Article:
Skuum himself, when asked about the origins of sound, says:
“Many years ago I found a 1999 ‚One Nation & Warning‘ Nicky Blackmarket cassette on the street. At home I put the cassette into my chrome plated tape deck. The tape was so old and worn out that at first, I thought the rave sirens were mosquitos and the MC was a kind of shaman who spoke in a language that I will never be able to understand. When the sub-bass and breakbeats set in, I started to sweat. I knew that this would never let go of me.”
And it surely hasn’t. Not only did it not let go of Mannheim’s Lucas Wolf aka Skuum, it turned him into more of an incubator of its infectiousness. It turned him into a superspreader of smashing low kicks, sweaty pads, steppin’ synths and touching vocals.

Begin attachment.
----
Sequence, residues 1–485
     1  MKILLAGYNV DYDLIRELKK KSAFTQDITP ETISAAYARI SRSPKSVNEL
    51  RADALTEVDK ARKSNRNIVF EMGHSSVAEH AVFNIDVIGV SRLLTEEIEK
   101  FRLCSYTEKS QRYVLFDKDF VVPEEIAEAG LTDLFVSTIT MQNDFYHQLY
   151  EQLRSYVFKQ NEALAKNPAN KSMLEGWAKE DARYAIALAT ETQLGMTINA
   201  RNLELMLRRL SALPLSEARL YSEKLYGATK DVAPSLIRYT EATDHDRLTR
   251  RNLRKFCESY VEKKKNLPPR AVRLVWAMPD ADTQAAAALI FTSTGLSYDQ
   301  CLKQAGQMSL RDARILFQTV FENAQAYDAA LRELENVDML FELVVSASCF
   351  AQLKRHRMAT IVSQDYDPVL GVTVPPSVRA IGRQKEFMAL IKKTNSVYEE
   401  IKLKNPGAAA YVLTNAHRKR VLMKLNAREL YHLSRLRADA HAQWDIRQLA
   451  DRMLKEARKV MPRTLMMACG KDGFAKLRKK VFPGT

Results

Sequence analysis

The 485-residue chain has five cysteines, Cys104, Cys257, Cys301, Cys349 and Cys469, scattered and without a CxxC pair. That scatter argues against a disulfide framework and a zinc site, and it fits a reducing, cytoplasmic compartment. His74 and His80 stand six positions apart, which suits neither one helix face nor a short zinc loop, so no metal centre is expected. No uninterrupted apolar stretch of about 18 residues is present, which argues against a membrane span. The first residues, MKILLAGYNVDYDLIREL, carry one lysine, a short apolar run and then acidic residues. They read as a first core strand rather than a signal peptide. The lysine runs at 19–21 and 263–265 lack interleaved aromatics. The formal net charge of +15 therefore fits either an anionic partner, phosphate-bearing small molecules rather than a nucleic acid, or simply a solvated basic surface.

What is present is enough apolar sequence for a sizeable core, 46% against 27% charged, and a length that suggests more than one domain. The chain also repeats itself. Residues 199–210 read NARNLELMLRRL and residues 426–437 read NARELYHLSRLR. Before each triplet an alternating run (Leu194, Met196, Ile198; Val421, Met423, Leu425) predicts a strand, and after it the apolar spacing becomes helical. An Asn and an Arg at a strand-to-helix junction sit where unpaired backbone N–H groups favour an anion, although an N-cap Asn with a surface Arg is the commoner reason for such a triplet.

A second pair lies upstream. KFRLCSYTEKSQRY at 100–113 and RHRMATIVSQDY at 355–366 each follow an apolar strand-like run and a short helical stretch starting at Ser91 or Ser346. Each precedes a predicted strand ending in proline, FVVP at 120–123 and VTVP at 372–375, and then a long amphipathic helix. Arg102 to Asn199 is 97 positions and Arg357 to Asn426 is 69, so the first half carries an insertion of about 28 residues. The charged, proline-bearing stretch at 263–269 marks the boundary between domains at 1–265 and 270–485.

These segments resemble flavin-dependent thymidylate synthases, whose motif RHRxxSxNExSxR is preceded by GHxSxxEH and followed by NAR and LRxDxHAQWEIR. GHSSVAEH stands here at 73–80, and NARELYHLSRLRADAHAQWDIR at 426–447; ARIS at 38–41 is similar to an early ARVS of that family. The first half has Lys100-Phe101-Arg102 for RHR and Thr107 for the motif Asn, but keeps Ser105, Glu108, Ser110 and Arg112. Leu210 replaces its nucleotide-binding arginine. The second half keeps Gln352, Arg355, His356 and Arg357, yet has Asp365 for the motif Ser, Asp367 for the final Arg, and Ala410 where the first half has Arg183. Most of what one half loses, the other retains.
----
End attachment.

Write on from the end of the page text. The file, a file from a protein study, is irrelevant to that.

Anyone who’s listened to Skuum’s productions over the years can attest: they literally infect you, they refuse to leave your head, they make you a less productive member of society. You’re sitting in a budget meeting, slowly zone out while you mouth to yourself “come roll with meeee” in a low-pitched manner with glistening M1 piano stabs in the background and all of a sudden you find yourself under the withering gazes of your colleagues who have been staring at you for 2 minutes waiting for next quarter’s earning predictions.
“Well,” with sudden confidence you tell them “how about you wait for them FOREVER?”.
You quit your job. Several months later your unemployment scheme has you paint the walls of Berghain or something. That is what happened to me more or less and this is why I am no longer on the board of Deloitte but a low-level staff member of Ghetto Traxx.
Sure: Skuum’s tunes may be detrimental to the workings of the economy – but Skuum’s tunes got me where I am, and I love it here.
And so will you. Come roll with us.